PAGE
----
Greece Rejects Talks With EU-IMF Creditors
Greece's new left-wing finance minister has said he will not negotiate the terms of the country's bailout with the "troika" team from the European Union and International Monetary Fund (IMF) overseeing it.
Yanis Varoufakis said that instead he wanted direct talks with eurozone leaders, to try to cancel some of the money Greece owes, NewsNow reported.
Varoufakis made the comments during a meeting in Athens with Jeroen Dijsselbloem, head of the eurozone finance ministers' group, marking the start of Greece's drive to persuade its creditors to ease the strict terms of the bailout.
The Greek minister said his country had no intention of cooperating with a mission from the EU, European Central Bank and IMF, which had been due to return to Athens.
Varoufakis gave no indication of what Greece would do if it cannot reach an agreement by a February 28 deadline, when the bailout ends.
Without the EU/IMF bailout program, Greece's banks would lose their access to ECB funding.
The center-right New Democracy party, which lost power in Sunday's election, said the new government "does not understand what it is about to do".
Tsipras and Varoufakis will visit London, Paris and Rome next week.
Although neither France nor Italy has shown any sign of accepting the Greek government's demand to write off part of its $360b debt, they have both previously called for a change of course from German-style budget austerity.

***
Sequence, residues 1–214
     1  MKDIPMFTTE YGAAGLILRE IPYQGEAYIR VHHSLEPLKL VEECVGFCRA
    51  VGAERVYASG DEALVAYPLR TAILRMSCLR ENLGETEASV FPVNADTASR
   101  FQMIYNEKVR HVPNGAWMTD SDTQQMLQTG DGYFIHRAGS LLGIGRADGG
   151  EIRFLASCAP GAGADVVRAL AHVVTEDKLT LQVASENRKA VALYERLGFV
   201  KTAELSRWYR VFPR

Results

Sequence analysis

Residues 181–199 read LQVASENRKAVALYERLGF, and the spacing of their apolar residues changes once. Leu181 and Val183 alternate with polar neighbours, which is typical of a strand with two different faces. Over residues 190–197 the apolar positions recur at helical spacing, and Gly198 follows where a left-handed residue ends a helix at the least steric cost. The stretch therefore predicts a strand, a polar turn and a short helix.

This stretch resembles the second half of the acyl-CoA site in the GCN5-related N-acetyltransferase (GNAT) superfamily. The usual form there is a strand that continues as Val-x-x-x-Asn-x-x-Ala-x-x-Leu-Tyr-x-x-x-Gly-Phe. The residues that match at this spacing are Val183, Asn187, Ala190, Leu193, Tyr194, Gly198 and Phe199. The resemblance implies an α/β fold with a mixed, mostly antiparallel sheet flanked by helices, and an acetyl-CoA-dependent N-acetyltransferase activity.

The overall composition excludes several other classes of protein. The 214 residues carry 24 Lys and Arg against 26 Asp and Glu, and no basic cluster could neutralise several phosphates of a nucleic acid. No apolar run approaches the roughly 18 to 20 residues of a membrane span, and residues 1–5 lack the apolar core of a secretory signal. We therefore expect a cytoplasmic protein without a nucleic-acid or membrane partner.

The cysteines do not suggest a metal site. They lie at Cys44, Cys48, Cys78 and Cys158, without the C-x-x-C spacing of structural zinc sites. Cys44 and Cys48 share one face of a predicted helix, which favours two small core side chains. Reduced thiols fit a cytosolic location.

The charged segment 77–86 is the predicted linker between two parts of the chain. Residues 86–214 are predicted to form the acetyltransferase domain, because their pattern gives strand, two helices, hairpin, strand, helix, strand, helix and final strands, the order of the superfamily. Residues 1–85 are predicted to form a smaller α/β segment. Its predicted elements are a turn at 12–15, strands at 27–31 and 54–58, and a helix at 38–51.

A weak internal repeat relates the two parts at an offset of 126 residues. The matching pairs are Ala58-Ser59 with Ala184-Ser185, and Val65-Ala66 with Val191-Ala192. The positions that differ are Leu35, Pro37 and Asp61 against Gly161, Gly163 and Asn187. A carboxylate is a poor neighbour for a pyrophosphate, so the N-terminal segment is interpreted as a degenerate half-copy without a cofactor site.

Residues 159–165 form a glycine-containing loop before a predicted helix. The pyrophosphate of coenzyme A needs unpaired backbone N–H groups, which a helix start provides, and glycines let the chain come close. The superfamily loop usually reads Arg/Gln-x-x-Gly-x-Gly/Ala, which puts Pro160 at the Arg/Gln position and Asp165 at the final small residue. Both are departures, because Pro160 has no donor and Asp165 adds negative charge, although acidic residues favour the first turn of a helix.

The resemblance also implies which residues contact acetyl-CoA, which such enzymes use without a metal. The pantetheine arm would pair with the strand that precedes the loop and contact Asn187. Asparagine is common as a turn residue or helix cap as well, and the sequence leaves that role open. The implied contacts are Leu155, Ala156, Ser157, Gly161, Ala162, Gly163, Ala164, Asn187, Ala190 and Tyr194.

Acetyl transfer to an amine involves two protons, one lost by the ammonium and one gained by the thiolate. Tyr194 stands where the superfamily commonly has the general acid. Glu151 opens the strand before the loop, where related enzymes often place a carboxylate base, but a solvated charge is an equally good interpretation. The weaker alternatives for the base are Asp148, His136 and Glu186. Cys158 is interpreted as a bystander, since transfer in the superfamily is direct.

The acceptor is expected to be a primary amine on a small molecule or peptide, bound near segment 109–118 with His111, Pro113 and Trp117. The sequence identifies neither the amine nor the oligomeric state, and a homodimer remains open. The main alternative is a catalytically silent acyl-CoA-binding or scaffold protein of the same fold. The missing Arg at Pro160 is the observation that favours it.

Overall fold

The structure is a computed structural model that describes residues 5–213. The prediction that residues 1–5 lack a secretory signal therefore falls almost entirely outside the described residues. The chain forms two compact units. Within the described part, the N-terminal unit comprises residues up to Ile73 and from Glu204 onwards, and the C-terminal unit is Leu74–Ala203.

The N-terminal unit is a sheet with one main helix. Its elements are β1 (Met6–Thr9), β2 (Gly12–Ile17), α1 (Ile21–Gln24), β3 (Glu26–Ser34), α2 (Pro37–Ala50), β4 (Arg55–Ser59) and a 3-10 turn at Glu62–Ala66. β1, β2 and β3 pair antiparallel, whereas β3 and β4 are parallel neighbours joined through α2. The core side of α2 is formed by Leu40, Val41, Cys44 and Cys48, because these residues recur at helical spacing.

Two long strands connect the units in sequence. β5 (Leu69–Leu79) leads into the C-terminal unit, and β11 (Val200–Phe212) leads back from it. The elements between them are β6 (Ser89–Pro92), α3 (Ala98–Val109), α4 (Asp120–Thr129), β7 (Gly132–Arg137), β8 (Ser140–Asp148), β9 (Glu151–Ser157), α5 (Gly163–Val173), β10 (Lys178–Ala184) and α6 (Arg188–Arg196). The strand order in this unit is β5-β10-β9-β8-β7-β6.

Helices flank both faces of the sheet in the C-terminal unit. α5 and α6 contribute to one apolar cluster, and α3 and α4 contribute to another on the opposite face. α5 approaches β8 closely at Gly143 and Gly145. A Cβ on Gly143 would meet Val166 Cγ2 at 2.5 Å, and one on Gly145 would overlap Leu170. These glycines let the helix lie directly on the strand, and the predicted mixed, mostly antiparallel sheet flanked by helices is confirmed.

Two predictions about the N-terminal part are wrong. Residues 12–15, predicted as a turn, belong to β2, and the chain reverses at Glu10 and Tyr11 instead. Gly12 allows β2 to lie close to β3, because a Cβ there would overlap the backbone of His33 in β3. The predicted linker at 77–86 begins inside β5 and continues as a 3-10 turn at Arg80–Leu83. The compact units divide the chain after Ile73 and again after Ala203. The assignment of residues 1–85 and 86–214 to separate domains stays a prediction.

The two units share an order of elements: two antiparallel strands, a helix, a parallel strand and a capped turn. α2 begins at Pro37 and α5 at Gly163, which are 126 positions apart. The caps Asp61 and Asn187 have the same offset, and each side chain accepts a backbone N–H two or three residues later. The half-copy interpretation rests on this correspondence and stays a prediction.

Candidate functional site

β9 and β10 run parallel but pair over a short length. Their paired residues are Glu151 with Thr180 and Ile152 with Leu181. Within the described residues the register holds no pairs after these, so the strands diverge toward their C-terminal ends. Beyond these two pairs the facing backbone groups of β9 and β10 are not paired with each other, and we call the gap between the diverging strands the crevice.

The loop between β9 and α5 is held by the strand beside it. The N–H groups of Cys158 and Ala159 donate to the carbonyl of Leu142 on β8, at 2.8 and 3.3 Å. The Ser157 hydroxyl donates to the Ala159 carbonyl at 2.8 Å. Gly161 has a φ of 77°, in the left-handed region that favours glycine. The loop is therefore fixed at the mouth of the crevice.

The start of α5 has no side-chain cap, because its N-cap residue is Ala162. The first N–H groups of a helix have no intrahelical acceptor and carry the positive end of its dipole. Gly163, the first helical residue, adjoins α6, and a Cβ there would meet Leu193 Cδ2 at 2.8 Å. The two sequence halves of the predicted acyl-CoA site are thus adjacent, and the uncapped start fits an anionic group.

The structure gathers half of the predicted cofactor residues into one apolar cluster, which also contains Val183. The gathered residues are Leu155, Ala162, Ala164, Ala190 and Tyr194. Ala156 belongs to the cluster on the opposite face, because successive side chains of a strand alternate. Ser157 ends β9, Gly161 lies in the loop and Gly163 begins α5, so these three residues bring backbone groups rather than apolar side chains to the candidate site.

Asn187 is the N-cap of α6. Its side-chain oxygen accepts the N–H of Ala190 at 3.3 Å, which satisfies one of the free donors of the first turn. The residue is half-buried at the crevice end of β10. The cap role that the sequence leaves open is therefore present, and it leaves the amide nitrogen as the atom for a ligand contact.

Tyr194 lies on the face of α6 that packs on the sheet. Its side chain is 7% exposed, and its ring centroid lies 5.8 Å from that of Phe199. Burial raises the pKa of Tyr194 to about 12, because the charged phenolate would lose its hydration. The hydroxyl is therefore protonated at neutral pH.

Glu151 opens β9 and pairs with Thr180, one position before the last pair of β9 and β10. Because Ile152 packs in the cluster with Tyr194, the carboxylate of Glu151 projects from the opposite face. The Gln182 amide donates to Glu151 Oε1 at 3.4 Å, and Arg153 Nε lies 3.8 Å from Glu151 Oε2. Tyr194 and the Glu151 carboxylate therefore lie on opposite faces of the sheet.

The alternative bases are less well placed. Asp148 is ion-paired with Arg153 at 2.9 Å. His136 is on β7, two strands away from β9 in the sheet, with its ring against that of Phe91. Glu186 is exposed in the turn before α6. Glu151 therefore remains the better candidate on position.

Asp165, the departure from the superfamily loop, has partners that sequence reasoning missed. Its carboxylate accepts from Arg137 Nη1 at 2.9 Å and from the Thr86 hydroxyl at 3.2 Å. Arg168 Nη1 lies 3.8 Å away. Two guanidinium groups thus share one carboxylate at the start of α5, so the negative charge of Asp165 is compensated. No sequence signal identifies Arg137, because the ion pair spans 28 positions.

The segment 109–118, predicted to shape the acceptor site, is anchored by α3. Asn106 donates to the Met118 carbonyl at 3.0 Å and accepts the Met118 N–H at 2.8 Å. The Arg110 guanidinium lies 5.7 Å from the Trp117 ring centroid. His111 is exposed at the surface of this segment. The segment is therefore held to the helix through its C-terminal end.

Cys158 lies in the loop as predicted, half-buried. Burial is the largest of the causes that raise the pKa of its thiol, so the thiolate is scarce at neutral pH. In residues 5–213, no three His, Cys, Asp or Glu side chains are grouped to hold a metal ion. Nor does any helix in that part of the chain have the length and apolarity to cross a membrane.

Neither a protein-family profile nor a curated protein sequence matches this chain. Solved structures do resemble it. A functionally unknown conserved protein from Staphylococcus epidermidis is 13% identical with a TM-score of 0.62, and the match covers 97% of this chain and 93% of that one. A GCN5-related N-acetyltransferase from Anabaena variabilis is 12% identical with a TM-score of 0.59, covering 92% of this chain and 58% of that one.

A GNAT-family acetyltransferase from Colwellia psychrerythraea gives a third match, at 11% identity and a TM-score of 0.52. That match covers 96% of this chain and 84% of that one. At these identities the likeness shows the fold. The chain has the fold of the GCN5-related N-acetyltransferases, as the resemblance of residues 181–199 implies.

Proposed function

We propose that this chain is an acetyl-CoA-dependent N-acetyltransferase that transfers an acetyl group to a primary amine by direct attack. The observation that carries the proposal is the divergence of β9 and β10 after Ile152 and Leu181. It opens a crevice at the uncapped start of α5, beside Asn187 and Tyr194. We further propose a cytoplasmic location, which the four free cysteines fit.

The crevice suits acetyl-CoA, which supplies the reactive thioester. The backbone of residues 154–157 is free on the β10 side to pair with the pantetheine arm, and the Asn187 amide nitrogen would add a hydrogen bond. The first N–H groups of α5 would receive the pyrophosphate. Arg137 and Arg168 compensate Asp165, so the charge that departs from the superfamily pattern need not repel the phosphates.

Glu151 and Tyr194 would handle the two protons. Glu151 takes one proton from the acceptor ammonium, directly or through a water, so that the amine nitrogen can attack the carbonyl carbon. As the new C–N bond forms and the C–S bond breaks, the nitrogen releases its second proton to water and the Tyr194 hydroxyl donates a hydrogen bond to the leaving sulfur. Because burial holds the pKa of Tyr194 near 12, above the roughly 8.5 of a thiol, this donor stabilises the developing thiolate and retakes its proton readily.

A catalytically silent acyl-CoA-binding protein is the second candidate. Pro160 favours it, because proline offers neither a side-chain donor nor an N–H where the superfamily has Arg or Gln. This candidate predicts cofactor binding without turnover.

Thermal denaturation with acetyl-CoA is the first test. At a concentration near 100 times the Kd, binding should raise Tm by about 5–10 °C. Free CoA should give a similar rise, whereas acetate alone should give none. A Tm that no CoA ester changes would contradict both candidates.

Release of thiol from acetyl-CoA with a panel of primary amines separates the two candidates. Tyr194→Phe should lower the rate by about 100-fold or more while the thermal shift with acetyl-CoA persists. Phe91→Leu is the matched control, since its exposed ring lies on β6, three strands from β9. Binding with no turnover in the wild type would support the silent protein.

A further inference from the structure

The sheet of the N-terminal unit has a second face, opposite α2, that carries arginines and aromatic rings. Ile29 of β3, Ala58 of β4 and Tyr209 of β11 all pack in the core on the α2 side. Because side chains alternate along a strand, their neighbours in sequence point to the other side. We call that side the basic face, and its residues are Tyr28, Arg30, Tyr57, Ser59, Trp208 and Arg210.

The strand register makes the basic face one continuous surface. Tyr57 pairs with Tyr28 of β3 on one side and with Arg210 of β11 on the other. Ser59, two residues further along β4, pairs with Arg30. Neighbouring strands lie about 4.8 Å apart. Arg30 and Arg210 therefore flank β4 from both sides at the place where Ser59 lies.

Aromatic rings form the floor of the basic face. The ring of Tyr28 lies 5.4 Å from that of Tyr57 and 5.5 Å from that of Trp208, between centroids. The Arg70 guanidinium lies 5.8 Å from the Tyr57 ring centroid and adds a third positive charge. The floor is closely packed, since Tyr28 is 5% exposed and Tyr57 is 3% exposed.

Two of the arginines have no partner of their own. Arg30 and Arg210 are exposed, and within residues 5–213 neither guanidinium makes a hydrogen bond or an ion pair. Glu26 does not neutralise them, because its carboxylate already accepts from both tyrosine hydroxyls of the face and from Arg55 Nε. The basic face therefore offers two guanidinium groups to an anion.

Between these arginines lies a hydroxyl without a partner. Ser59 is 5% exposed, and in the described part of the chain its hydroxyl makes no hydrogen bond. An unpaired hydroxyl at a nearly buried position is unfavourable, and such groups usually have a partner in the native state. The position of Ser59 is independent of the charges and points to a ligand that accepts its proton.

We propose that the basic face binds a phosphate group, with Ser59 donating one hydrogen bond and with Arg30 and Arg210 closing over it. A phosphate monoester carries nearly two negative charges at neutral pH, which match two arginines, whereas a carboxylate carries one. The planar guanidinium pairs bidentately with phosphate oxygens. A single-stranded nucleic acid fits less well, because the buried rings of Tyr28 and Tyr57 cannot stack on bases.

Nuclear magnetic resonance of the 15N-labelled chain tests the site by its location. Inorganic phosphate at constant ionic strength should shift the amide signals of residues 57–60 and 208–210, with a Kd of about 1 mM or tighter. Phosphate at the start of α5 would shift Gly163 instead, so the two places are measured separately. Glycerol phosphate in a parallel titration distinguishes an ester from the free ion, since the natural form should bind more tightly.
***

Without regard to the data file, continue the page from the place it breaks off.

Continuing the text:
German Finance Minister Wolfgang Schaeuble said Berlin was open for talks with the new government about its debt, but he also made clear that Athens had to do its part.
"We need solidarity in Europe, and besides we cannot be blackmailed," Schaeuble said.
No Debt Reduction
German Chancellor Angela Merkel said there should be no debt relief for Athens adding to tensions between the new anti-austerity Greek government and its international creditors.
"There has already been voluntary debt forgiveness by private creditors, banks have already slashed billions from Greece's debt," Ms Merkel told the Hamburger Abendblatt newspaper. "I do not envisage fresh debt cancellation."
"Europe will continue to show its solidarity with Greece, as with other countries hard hit by the crisis if these countries carry out reforms and cost-saving measures," Merkel said.
Greece belongs in the eurozone and the single currency depends on there being no "Grexit", the EU economic and financial affairs commissioner says.
Pierre Moscovici told the BBC's Hardtalk "we will do everything" to prevent Greece leaving the eurozone. But, he said, the Greek government had to respect previous commitments.
"We believe that the place of Greece is in the eurozone, the euro needs Greece and that Greece needs and wants to be in the eurozone," Moscovici, a former French finance minister, said.